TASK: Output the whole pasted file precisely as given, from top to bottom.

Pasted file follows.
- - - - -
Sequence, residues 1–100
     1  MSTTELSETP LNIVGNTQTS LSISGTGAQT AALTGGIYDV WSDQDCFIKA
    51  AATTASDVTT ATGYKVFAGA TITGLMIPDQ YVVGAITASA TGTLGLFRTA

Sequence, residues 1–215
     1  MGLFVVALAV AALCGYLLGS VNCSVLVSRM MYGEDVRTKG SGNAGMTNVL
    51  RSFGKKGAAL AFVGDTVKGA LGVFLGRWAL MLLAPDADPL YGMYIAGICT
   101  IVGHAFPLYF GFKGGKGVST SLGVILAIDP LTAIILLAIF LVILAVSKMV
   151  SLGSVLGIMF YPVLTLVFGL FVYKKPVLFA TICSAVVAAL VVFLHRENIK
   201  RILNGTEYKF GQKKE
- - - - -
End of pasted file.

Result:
Sequence, residues 1–100
     1  MSTTELSETP LNIVGNTQTS LSISGTGAQT AALTGGIYDV WSDQDCFIKA
    51  AATTASDVTT ATGYKVFAGA TITGLMIPDQ YVVGAITASA TGTLGLFRTA

Sequence, residues 1–215
     1  MGLFVVALAV AALCGYLLGS VNCSVLVSRM MYGEDVRTKG SGNAGMTNVL
    51  RSFGKKGAAL AFVGDTVKGA LGVFLGRWAL MLLAPDADPL YGMYIAGICT
   101  IVGHAFPLYF GFKGGKGVST SLGVILAIDP LTAIILLAIF LVILAVSKMV
   151  SLGSVLGIMF YPVLTLVFGL FVYKKPVLFA TICSAVVAAL VVFLHRENIK
   201  RILNGTEYKF GQKKE